Temporary accommodation is no way to solve homelessness

As of September 2020, 120,570 children were living in temporary accommodation. For the past 10 years, the numbers have been steadily increasing, a situation that the pandemic has only worsened.

Around ¾ of the money that local authorities spend on homlessness goes on renting temporary accommodation, but it is very hard to assess whether this provides value for money. We know, for example, that Much of this expenditure goes to private landlords who provide their accommodation to local authorities on a nightly basis, a “market” that has increased in value considerably.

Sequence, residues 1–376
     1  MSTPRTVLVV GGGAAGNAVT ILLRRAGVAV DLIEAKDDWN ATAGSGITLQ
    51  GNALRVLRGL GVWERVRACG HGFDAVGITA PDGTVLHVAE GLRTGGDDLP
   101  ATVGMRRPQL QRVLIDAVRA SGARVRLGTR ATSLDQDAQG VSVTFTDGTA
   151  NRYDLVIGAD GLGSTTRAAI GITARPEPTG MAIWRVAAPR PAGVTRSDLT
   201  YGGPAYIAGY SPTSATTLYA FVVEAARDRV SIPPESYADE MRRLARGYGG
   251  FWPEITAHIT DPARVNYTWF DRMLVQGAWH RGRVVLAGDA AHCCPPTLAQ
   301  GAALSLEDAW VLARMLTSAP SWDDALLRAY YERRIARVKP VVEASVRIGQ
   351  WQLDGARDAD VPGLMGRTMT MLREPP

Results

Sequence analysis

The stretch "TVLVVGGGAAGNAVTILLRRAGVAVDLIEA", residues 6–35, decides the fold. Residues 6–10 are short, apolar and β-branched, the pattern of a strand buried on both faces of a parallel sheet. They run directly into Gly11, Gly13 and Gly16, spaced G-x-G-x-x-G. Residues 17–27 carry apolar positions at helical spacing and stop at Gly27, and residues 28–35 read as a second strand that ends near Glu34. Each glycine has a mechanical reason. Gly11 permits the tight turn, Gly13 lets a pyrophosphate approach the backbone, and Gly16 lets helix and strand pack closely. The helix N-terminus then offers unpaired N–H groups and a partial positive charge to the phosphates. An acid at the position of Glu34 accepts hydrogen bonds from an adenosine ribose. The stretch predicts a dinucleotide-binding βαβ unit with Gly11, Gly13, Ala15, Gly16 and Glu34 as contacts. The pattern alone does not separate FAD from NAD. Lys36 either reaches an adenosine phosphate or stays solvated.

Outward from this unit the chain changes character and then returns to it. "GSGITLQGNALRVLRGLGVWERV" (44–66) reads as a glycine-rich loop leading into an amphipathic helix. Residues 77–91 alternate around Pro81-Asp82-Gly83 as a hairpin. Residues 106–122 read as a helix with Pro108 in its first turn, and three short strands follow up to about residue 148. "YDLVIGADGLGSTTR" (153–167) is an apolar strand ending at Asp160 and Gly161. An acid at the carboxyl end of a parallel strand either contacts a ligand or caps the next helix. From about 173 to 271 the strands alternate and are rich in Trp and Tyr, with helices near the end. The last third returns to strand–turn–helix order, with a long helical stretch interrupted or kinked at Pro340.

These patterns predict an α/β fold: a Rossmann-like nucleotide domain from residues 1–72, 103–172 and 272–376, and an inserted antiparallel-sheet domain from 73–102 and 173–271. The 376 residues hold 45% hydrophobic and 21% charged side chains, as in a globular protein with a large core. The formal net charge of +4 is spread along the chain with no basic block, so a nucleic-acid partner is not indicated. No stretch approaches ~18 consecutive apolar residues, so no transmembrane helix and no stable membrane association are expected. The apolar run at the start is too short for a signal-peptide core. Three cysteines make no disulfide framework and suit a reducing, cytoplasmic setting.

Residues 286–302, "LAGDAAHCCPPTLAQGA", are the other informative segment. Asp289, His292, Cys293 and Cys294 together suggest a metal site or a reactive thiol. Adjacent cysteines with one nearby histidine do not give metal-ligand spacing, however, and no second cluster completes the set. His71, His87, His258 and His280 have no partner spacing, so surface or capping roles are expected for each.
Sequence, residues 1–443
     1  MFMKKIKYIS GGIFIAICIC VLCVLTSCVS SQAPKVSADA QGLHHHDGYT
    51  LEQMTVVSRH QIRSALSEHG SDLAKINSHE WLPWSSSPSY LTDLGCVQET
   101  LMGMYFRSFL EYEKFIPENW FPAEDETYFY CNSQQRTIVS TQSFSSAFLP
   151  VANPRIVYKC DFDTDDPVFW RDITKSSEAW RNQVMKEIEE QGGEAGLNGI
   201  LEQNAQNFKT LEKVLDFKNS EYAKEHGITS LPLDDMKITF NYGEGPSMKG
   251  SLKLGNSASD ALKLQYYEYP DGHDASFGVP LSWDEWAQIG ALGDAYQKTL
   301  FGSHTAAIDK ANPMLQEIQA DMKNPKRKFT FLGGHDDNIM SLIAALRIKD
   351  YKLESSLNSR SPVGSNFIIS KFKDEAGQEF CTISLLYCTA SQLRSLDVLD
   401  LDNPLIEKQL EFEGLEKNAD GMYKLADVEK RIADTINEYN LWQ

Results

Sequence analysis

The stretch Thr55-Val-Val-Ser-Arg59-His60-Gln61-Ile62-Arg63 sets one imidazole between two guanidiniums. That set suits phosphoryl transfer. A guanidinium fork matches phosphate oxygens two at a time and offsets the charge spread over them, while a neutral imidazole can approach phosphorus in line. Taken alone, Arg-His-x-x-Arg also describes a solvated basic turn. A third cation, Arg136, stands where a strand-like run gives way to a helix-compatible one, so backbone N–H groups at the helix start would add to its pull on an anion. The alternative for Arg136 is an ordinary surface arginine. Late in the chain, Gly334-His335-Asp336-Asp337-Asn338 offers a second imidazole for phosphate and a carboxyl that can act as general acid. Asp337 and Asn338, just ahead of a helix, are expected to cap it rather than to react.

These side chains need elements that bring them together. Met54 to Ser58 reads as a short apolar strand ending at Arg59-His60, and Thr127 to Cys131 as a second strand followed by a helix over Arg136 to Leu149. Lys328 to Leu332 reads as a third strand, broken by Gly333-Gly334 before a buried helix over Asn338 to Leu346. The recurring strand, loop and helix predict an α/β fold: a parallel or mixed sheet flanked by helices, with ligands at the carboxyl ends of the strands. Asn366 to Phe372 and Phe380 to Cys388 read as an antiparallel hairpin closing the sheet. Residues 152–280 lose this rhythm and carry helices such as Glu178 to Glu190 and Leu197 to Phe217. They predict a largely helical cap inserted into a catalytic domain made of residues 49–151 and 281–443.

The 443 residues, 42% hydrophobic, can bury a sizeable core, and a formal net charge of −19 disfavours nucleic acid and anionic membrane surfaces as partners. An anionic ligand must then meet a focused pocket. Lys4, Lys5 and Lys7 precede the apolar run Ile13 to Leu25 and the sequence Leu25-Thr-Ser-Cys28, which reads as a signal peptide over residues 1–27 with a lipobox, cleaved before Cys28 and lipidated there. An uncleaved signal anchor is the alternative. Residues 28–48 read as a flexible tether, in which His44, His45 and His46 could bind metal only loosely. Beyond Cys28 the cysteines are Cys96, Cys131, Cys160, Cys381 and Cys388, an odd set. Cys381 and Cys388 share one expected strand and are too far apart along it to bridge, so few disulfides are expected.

The Government should learn from the successes of Labour who preceded over a halving of the number of households living in temporary accommodation between 2005 and 2010.

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